The team announced the medical update Wednesday, one that could have a significant impact on the veteran’s career and the franchise’s future. The 38-year-old Hossa has four years left on his contract and says "playing hockey is not possible" for him next season.
"While I am disappointed that I will not be able to play, I have to consider the severity of my condition and how the treatments have impacted my life both on and off the ice," Hossa said in a statement released by the Blackhawks, adding he’s been privately undergoing treatment for the last few years under the supervision of Chicago’s medical staff.
Dr. Michael Terry said the team supports Hossa’s decision not to play and that the skin disorder is "becoming more and more difficult to treat and control with conventional medications while he plays hockey."
"We feel in the most certain terms this is the appropriate approach for Marian in order to keep him functional and healthy in the short term and throughout his life," Terry said.
General manager Stan Bowman calls Hossa’s absence a significant loss. Hossa, a 19-year veteran, has only missed 46 games over the past six seasons. He had 26 goals and 19 assists last season and has been considered one of the best defensive forwards in the league throughout his career.
"His teammates and coaches know he battled through some very tough physical difficulties but never complained or missed games despite the challenges he faced," Bowman said.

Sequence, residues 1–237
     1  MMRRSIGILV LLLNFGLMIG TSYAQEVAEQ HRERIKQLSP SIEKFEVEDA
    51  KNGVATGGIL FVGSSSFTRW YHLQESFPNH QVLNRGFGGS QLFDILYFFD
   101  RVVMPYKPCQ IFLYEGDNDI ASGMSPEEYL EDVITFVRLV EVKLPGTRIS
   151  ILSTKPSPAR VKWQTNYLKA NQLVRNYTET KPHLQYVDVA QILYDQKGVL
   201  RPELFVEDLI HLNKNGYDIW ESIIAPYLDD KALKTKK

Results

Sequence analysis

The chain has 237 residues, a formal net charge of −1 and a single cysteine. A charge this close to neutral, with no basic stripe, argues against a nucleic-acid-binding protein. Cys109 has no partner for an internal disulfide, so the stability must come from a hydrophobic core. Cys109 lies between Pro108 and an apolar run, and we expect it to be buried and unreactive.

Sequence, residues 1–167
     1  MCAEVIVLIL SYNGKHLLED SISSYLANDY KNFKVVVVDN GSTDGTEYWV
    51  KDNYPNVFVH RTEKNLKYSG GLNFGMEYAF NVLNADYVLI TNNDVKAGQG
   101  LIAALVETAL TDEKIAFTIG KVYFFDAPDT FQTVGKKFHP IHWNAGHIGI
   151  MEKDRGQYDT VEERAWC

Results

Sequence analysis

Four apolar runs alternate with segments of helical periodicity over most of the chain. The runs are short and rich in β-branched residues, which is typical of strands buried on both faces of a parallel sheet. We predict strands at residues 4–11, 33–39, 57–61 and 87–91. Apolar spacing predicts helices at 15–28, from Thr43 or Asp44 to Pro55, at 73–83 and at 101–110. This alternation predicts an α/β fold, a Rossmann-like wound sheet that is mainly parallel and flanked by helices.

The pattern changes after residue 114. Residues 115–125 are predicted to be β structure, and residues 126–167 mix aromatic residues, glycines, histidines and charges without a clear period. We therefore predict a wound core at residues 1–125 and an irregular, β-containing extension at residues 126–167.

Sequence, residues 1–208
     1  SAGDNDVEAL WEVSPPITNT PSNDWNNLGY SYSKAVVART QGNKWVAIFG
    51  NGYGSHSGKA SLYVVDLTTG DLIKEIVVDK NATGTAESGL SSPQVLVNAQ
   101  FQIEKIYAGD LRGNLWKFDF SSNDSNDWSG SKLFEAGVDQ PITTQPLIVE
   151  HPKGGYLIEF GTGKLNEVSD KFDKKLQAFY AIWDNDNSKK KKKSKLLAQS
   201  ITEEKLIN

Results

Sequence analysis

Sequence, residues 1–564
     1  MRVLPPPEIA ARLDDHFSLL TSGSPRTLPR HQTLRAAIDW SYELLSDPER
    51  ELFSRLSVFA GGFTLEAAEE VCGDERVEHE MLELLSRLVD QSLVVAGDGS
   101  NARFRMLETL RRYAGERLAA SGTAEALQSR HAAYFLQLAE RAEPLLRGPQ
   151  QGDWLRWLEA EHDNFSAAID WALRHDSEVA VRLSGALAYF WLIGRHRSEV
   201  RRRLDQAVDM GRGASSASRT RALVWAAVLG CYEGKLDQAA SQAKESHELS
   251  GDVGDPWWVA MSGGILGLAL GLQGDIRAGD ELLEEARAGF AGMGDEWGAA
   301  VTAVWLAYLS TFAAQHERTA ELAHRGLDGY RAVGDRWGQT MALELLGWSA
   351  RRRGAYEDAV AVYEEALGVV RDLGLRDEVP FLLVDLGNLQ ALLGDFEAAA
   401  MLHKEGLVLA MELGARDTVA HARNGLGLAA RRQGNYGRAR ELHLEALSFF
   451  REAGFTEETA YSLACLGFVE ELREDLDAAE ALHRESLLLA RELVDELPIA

Hossa has been part of three Stanley Cup-winning Blackhawks teams during his eight seasons in Chicago.
He has a salary-cap hit of $5,275,000 for the next four seasons. The cap-strapped Blackhawks can put Hossa on long-term injured reserve to get some relief from a deal that was worth $63.3 million over 12 years.
Hossa has already been paid $59.3 million as part of a front-loaded contract. In real dollars he’s set to make just $1 million in each of the next four seasons, and because of that, the Blackhawks will likely keep Hossa on LTIR rather than him retiring and costing the team cap-recapture penalties that were instituted for the last collective bargaining agreement.
With Hossa’s cap hit off the books and defenceman Trevor van Riemsdyk and centre Marcus Kruger linked to the expansion Vegas Golden Knights, Chicago won’t have as many roster problems as originally predicted in the first season of Artemi Panarin’s $12 million, two-year deal.
But Hossa’s on-ice contributions will be difficult to replace.
Hossa has 525 goals and 609 assists for 1,134 points in 1,390 regular-season games with Ottawa, Atlanta, Detroit, Pittsburgh and Chicago. He has 149 points in 205 playoff games and has appeared in the Cup Final five times.